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Metric Time

Here’s a favorite joke from one of my student films–

PRESIDENT: I want the file by oh-twenty-four hundred hours.
CHIEF OF STAFF: Sir, twenty-four hundred would require a twenty-five hour clock. We’re not on metric time, here.

Imagine my surprise when I was filling out my time card the other day. I had worked the late shift, from noon to half-past midnight. Time cards are usually done in military time, so I wrote my outtime as “0:30.”

My boss came in a little while later, and told me my time card was filled out wrong. “We use military time on the time cards.”

“…Yes. I did.”

“So your out time should read 24:30.”

I couldn’t believe it; I actually got to quote myself: “Um, 24:30 would require a twenty-five hour clock.”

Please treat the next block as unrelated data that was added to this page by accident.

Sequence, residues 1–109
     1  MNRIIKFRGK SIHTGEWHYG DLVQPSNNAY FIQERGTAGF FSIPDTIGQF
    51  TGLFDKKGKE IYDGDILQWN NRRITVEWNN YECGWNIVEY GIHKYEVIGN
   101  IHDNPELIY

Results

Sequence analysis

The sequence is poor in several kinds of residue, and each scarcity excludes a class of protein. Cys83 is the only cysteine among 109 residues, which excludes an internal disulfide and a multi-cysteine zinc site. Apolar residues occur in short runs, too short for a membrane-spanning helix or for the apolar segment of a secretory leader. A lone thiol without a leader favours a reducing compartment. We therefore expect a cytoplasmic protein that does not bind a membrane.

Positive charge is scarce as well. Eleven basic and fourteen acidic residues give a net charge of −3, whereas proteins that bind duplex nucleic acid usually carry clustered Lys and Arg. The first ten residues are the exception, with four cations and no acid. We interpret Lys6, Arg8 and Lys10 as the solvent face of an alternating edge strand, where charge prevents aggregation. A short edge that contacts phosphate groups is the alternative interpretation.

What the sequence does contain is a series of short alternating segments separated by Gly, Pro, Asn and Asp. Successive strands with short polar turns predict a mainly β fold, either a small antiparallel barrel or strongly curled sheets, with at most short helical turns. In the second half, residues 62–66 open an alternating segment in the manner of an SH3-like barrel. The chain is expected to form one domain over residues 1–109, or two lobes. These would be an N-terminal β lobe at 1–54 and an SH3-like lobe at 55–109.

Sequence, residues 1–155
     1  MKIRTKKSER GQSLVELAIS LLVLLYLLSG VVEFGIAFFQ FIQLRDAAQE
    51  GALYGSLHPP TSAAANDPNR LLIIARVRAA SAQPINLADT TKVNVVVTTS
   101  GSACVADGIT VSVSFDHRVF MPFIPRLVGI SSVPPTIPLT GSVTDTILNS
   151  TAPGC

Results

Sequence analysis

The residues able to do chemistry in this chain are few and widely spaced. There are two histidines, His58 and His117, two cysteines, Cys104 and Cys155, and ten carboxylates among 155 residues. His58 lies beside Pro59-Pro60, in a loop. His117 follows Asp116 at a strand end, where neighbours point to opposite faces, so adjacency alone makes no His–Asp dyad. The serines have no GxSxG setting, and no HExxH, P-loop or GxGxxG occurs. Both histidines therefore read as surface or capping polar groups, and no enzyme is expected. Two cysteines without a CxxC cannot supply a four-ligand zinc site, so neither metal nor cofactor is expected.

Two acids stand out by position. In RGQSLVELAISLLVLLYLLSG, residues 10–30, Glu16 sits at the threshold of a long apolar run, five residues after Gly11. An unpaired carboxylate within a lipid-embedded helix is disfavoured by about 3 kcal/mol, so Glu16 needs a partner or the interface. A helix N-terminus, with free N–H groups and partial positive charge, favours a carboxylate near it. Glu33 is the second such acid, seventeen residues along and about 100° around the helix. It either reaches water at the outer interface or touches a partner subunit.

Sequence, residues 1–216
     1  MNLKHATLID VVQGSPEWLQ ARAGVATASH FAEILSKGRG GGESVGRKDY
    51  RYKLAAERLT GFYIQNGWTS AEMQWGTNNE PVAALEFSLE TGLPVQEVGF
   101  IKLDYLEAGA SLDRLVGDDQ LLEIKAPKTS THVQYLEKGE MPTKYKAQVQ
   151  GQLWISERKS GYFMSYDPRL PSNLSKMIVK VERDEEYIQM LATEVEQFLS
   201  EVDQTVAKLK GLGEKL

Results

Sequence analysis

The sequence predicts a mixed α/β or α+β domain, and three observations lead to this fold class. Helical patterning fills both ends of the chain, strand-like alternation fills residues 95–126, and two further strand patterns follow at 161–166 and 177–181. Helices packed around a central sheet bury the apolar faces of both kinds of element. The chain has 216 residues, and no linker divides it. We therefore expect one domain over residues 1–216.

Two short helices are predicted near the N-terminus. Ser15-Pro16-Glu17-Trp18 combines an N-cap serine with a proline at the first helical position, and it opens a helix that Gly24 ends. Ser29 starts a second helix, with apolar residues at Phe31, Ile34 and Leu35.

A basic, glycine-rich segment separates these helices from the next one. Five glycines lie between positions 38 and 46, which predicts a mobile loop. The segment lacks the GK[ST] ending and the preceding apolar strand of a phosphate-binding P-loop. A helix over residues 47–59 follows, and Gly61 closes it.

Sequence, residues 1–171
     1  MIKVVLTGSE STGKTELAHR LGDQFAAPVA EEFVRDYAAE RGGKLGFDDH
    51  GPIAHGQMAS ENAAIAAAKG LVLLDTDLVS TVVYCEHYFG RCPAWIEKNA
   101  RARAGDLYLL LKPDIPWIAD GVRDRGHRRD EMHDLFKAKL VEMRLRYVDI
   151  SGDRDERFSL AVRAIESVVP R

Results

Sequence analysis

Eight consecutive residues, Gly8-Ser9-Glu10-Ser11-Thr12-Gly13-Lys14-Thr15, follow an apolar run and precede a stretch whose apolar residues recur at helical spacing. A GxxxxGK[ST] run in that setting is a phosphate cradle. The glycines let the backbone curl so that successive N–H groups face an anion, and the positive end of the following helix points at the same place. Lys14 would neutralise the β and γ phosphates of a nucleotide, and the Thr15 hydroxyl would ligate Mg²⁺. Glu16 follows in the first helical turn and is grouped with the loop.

She still made me redo my time card, but I felt it was a moral victory.

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5 Responses

  1. i know this is a super old post, but i’ve been going through your entire blogroll, and in actuality, production accountants have always made me (as a set pa) continue from 24.0 when i work into the next day. thus, finishing at 6:30a the next day would actually be 30.5 on any time card i have done. i’ve worked a lot of nights, and the involvement of that level of math when wrapping at 6 or 7 am on saturday morning makes me angry every time.

    i know the reasoning is still poppycock, but it is standard practice, at least in my experience (and it does make the math easier for the accounting department).

    1. It’s not that it makes it easier for the payroll person, it makes it easier for the payroll company, so that YOU get paid correctly.

  2. “PRESIDENT: I want the file by oh-twenty-four hundred hours.”

    024:00 would require a one-hundred-hour (minimum) clock, actually. I think you meant “I want the file by twenty-four hundred hours”.

    Sorry for nitpicking on a nitpicking post!

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